Maryland governor calls on Baltimore mayor to resign after FBI raid
25 Apr 2019, 22:48 ( 1 Month ago)
Maryland Governor Larry Hogan called on embattled Baltimore Mayor Catherine Pugh to resign, shortly after the Federal Bureau of Investigation (FBI) and criminal investigators from the Internal Revenue Service (IRS) searched the mayor's home and Baltimore City Hall office on Thursday morning.
"Mayor Pugh has lost the public trust. She is clearly not fit to lead. For the good of the city, Mayor Pugh must resign," Hogan said in a tweet.
"Now more than ever, Baltimore City needs strong and responsible leadership," the Republican governor wrote.
Pugh, a Democrat, has been on leave of absence amid a scandal over the lucrative sales of "Healthy Holly" children's books that she authored and self-published.
The "court-authorized search warrants" were also executed at the Maryland Center for Adult Training. Pugh previously led the nonprofit training program, according to the Baltimore Sun newspaper, quoting FBI spokesman Dave Fitz.
The mayor was a board member of the University of Maryland Medical System, which spent 500,000 U.S. dollars to fund the purchase of some 100,000 books from Pugh's company Healthy Holly LLC, according to local media reports.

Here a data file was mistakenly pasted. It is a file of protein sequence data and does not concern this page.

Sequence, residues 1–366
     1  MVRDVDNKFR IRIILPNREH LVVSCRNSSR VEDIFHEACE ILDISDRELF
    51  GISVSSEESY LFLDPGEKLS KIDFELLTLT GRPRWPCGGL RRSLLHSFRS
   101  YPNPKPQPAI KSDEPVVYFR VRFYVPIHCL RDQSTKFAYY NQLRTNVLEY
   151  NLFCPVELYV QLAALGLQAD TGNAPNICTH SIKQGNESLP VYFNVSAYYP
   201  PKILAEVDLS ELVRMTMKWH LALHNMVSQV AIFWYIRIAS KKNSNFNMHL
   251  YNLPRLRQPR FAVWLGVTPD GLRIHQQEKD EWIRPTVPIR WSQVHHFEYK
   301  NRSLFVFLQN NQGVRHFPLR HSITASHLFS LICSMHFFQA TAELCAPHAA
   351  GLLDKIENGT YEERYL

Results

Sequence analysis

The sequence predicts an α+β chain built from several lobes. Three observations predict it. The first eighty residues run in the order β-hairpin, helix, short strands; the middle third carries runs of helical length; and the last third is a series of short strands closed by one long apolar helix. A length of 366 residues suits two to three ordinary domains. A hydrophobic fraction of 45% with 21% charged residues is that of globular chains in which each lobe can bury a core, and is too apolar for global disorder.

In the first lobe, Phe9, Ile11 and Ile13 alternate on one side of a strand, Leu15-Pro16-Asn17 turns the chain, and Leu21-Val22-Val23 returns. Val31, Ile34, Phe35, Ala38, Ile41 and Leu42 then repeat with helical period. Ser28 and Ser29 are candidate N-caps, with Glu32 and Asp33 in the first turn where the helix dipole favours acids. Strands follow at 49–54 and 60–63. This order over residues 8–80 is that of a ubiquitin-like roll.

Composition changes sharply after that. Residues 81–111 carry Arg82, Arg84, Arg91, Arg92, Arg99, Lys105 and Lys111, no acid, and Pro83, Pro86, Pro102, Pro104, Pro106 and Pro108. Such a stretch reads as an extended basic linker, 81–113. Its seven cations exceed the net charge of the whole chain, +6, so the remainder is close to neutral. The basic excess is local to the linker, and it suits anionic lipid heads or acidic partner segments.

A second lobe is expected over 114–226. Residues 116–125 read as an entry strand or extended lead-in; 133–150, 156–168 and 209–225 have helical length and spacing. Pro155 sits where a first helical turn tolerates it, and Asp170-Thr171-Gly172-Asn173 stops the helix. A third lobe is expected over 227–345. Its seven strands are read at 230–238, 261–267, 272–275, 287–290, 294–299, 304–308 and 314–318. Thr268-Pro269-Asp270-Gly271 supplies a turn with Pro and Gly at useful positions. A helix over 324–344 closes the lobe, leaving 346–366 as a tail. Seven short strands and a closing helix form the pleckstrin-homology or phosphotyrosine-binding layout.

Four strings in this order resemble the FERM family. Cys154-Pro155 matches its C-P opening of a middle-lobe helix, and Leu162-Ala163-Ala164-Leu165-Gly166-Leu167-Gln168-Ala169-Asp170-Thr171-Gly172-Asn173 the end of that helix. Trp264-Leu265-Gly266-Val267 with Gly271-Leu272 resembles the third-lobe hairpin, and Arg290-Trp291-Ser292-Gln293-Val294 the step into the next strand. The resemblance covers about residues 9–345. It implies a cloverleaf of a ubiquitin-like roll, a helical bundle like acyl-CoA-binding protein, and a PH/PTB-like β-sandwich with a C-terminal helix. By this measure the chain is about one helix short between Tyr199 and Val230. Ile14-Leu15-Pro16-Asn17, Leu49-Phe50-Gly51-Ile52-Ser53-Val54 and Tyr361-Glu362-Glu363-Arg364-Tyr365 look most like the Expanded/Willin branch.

The Sun reported in March that healthcare giant Kaiser Permanente also paid about 114,000 dollars for 20,000 copies of Pugh's books between 2015 and 2018. In 2017, Baltimore's spending board, which Pugh sits on, awarded a 48-million-dollar contract to Kaiser Permanente to provide health benefits to city employees.
The sales earned about 700,000 to 800,000 dollars for her limited liability company, according to local media reports.
Pugh became mayor in late 2016. Her office said that she needed time to recover from pneumonia when announcing her leave of absence starting on April 1. Five of her staffers have since joined her on paid leave.
"She has been advised by her physicians that she needs to take time to recover and focus on her health. At this time, with the mayor's health deteriorating, she feels as though she is unable to fulfill her obligations," the office said at the time.
Pugh was already facing a criminal investigation by the state prosecutor's office, which began at the request of Hogan, as well as probes by the Baltimore Inspector General, an ethics board at City Hall and a state insurance commission.